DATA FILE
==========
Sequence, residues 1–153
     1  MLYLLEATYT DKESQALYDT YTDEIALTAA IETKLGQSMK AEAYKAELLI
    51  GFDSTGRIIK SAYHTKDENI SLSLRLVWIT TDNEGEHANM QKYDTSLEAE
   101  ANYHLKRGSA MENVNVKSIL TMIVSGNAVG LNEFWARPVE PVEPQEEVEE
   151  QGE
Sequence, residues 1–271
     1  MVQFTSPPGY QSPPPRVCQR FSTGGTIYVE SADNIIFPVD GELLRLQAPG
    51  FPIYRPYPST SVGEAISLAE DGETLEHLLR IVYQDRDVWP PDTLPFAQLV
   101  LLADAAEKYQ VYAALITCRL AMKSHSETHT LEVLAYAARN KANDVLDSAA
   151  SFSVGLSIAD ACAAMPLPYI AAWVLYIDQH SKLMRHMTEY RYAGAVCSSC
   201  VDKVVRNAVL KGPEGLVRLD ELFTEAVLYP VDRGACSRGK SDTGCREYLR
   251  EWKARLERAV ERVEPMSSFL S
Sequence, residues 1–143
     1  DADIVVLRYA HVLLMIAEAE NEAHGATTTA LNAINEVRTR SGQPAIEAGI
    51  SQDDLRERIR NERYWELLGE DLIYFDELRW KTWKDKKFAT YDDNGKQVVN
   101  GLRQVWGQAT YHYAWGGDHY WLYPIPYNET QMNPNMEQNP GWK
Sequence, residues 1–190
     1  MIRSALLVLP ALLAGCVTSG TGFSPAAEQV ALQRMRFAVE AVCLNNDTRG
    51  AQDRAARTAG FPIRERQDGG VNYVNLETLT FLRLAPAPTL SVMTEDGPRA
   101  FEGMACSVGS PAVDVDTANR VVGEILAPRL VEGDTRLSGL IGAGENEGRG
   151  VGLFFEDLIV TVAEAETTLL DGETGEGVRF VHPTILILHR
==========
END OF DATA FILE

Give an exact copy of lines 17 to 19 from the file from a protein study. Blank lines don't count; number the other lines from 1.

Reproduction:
Sequence, residues 1–190
     1  MIRSALLVLP ALLAGCVTSG TGFSPAAEQV ALQRMRFAVE AVCLNNDTRG
    51  AQDRAARTAG FPIRERQDGG VNYVNLETLT FLRLAPAPTL SVMTEDGPRA